3. Return the potatoes and garlic to the pot. Make a well in the center; pour in the milk and half-and-half. Set the heat to medium. When the milk starts to boil, reduce the heat to low; start mashing vigorously using a potato masher. Add about three-fourths of the soft butter; continue mashing until the mixture is fairly smooth. Season to taste, usually about 1 teaspoon salt and 1/2 teaspoon pepper. Remove from heat.
4. Meanwhile, melt remaining butter in small, nonstick skillet. Add herb leaves; saute until crisped, about 1 minute. Pile hot potatoes into a heated serving dish. Spoon sage butter over potatoes.
Per serving (for 10 servings): 226 calories, 11 g fat, 7 g saturated fat, 29 mg cholesterol, 28 g carbohydrates, 4 g protein, 437 mg sodium, 2 g fiber.
Double-baked sweets with curried marshmallows
Prep: 30 minutes
Cook: 1 1/4 hours
6 or 7 medium-size sweet potatoes, about 3 pounds total
18 regular size marshmallows (about 6 ounces), quartered
1/2 teaspoon mild curry powder
1 teaspoon salt
3/4 cup unsweetened coconut milk
1 to 2 tablespoons mild red Thai or Indian curry paste to taste
3 to 4 tablespoons chopped chives
1. Heat oven to 350 degrees. Put potatoes on a large baking sheet. Bake until a fork pierces them easily, about 1 hour. Let cool until you can handle them.
2. Meanwhile, mix the marshmallow pieces with the curry powder in a small bowl until pieces are nicely coated. Sprinkle with a pinch of salt; mix again. Mix coconut milk and curry paste in another bowl with an immersion blender, hand mixer or potato masher until smooth.
3. Slice warm potatoes lengthwise in half. Scoop out the soft flesh with a small spoon (I like a serrated grapefruit spoon here), leaving a 1/4-inch thick potato shell; place in the coconut milk mixture. Beat or mash the potato flesh into the coconut milk until very smooth and light. Season to taste, usually about ¾ teaspoon salt. Stir in the chives.
4. Arrange the potato shells on the baking sheet. Sprinkle lightly with remaining 1/4 teaspoon salt. Dollop the mashed potatoes with a spoon back into the shells, filling them evenly. Spray or brush the tops lightly with a little olive oil. (Recipe can be prepared to this point up to several hours in advance; refrigerate covered.)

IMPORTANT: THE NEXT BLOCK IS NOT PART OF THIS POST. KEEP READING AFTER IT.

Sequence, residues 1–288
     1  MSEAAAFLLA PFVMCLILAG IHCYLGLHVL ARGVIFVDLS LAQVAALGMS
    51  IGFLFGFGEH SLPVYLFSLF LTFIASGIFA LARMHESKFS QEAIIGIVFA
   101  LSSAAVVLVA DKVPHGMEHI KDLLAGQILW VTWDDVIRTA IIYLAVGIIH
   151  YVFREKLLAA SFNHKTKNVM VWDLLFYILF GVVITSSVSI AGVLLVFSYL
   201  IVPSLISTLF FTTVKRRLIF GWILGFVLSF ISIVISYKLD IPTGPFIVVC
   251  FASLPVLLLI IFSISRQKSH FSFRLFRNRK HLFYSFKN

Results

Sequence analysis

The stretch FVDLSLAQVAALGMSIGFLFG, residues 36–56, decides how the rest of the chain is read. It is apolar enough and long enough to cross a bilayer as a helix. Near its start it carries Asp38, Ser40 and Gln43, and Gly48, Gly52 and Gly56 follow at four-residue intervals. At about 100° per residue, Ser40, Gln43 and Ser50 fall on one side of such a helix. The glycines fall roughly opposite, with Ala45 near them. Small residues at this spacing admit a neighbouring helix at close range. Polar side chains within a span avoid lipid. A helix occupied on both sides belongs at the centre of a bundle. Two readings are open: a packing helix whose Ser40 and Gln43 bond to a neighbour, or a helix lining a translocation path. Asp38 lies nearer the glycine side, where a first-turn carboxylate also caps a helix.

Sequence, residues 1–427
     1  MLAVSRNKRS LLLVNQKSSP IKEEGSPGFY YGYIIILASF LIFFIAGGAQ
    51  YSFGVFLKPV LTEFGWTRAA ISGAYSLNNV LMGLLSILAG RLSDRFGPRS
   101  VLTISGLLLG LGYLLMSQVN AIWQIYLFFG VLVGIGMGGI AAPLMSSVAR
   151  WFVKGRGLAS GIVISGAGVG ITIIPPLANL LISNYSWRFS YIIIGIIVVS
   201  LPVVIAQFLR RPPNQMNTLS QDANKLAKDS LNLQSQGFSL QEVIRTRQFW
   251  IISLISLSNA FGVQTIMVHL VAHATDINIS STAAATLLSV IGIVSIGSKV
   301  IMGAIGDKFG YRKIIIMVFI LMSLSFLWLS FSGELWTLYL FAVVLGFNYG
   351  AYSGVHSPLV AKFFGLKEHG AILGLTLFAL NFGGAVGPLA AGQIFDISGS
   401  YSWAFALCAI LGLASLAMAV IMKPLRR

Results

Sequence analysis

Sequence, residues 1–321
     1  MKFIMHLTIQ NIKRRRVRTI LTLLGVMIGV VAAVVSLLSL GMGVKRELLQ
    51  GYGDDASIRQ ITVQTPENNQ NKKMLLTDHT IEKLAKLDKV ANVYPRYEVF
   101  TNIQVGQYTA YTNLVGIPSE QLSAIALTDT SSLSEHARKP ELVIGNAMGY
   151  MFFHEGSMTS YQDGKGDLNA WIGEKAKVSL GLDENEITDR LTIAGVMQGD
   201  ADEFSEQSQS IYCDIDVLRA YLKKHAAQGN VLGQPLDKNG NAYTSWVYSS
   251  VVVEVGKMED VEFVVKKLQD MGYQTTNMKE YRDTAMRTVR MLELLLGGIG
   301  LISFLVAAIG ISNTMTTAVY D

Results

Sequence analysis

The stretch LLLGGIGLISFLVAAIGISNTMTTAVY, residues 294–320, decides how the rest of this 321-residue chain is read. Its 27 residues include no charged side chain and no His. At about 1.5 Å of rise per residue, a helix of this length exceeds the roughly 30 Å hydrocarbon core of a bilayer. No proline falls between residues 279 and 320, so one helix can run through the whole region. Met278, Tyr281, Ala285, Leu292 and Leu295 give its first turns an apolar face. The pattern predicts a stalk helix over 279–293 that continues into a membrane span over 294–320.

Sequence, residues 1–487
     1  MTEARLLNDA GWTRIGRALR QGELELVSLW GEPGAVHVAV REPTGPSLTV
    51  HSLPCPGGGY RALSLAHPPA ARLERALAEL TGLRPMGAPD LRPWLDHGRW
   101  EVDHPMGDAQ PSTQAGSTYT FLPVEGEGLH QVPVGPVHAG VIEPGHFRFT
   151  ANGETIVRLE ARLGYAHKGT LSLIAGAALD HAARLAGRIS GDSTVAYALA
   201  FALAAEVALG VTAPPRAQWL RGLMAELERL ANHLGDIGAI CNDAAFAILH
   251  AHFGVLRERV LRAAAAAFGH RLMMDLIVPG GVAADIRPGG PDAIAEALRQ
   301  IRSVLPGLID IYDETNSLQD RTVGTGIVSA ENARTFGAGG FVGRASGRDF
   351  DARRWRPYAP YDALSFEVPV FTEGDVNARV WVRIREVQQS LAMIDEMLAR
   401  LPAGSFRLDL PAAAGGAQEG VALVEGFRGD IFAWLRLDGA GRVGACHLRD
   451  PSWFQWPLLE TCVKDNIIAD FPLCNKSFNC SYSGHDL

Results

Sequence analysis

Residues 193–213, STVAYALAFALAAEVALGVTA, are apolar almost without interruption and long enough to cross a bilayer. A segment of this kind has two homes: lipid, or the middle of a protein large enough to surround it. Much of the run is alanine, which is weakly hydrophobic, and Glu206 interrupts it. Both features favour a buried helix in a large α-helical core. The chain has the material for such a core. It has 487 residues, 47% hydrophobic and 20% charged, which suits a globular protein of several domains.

5. Arrange marshmallow pieces over the potatoes. Bake until centers are heated through and marshmallows are golden, 15 to 20 minutes.
Per serving: 133 calories, 3 g fat, 3 g saturated fat, 0 mg cholesterol, 26 g carbohydrates, 2 g protein, 275 mg sodium, 2 g fiber.
Green bean casserole
Prep: 30 minutes
Cook: 30 minutes
Note:Look for canned fried onions, or sub with crumbled veggie stick snacks.
2 pounds fresh green beans, ends trimmed
1 ½ cups whole milk
1/2 large sweet onion, peeled, halved
1/4 ounce dried mushrooms, such as porcini
2 whole cloves
2 bay leaves
1 ½ tablespoons each: butter, flour
1/2 teaspoon salt
Freshly ground pepper
1 cup fried onion pieces
1. Heat a large pot of salted water to a boil. Add the green beans; boil, uncovered, until crisp-tender, 8 to 10 minutes. Drain; rinse under cold water. Refrigerate covered up to a couple of days.
2. Put milk, sweet onion, dried mushrooms, cloves and bay leaves in a small saucepan. Heat to a simmer. Remove from heat; steep, about 20 minutes. Strain to capture the milk. Discard the cloves, bay leaves. Finely chop onion and mushrooms.
3. Melt the butter in a small saucepan. Whisk in the flour until smooth. Slowly whisk in the strained milk. Cook and stir until smooth and thick. Add chopped onion and mushrooms; season with salt and pepper to taste. Refrigerate covered for up to a couple of days; thin with a little milk when reheating, if needed.
4. Heat oven to 350 degrees. Toss green beans with sauce. Arrange in a buttered 13-by-9-inch baking dish. Bake until heated through, 15 to 20 minutes. Sprinkle with fried onions; bake 5 minutes.
Per serving: 135 calories, 7 g fat, 4 g saturated fat, 10 mg cholesterol, 15 g carbohydrates, 4 g protein, 230 mg sodium, 4 g fiber.